City commission, at its Dec. 13 meeting, voted unanimously to grant conditional use approval to Metro Winter Park, LLC for a controversial townhome project that has undergone substantial revisions due to the expressed concerns of nearby residents.
Winter Park Commons, a 53-unit multi-family rental development, will move forward on a 4.5-acre site between Swoope and Webster avenues, formerly owned and occupied by Patmos Chapel Seventh Day Adventist Church. Developers previously complied with Planning and Zoning Board requests to maintain design continuity with neighboring structures, provide additional stormwater mitigation, and preserve existing trees. But the proposal faced opposition over the possibility of increased neighborhood traffic, on-street parking, and the construction of triplex buildings near existing single-family homes.
Residents voiced concerns during public comments at the Oct. 25 commission meeting, and again at the Nov. 8 meeting, prompting developers to decrease the number of proposed units in two areas of the property and rework building designs. The revised concept, brought forward at the Dec. 13 meeting, replaces multi-family buildings along Capen and Webster avenues with single-family structures. Developers will also add five on-street parking spaces at the north side of Swoope Avenue while increasing drive lane width to 23 feet along the southern property boundary.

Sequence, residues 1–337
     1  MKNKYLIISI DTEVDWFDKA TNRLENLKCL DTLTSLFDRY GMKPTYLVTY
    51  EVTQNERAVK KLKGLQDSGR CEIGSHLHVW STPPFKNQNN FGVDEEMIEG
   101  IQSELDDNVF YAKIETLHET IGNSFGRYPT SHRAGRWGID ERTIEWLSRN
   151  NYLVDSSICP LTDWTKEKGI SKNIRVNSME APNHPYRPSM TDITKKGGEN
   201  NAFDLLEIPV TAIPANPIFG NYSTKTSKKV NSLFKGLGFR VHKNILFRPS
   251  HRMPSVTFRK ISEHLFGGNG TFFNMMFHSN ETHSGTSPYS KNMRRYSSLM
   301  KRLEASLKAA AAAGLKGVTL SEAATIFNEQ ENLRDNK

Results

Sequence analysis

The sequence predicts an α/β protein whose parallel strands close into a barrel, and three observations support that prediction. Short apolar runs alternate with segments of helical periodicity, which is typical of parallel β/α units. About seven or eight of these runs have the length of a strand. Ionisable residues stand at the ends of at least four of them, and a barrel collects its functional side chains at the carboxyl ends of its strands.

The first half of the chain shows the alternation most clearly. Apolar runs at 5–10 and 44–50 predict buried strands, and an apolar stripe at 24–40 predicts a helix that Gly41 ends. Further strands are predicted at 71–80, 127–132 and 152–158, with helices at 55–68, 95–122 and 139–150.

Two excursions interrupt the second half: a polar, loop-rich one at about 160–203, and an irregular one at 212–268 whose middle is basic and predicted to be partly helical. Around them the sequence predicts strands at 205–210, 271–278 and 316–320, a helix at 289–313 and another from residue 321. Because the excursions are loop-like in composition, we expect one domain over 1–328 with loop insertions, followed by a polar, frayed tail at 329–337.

Attorney Becky Wilson, speaking on behalf of the developer, cited an independent traffic study meant to address possible impacts of the new development. “Overall, our project takes up less than 1% of the capacity on those roads,” she said in reference to traffic on Swoope, Capen and Webster avenues. She also noted study results that show the roads are currently operating at 60% of their adopted levels with an average of 32 trips recorded during PM peak traffic hours.
Vice Mayor Sheila DeCiccio voiced additional concerns over increased traffic and pedestrian safety toward Denning Drive. Commissioner Todd Weaver suggested median modifications and easements to allow for a pull-out at the W. Swoope Avenue bus stop that will be addressed at a later meeting.
Neighbors also raised questions about the possible spread of mold and asbestos in the demolition of the existing Patmos Chapel church building, and cited reports of homeless individuals using the structure as temporary housing. Wilson stated that the developer would comply with guidelines in the mitigation of hazardous substances during demolition, and will work with the police department to assist transients living on the property.
However, despite the modifications and compliances, residents do not claim a victory as they see the construction of rental units as detrimental to the identity and history of the neighborhood.
“Every Winter Park resident should take note of how this Winter Park Commons project played out,” said resident Gigi Papa. “It’s not going to change, it’s not going to get better.”
Webster Avenue resident Willie Clark Jr., whose home borders the Winter Park Commons site, was among the neighbors who have continued to speak out at each meeting where the project has been discussed.
“We’re used to a family neighborhood,” he said at the Nov. 8 meeting. “Neighbors get to know each other, greet each other, say hello – I want to see that once again.” He repeated the sentiment during public comments at the Dec. 13 meeting.
“I’m not against progress. I know things change, but during the change we have to watch out for our neighborhoods.”
Mayor Phil Anderson advised residents of a commission workshop on CRA-led housing, scheduled for Jan. 11, that will focus on affordable housing and single-family construction. The next commission meeting will take place on Jan. 10. For additional information on city meeting schedules and agendas, log onto cityofwinterpark.org/government/meetings.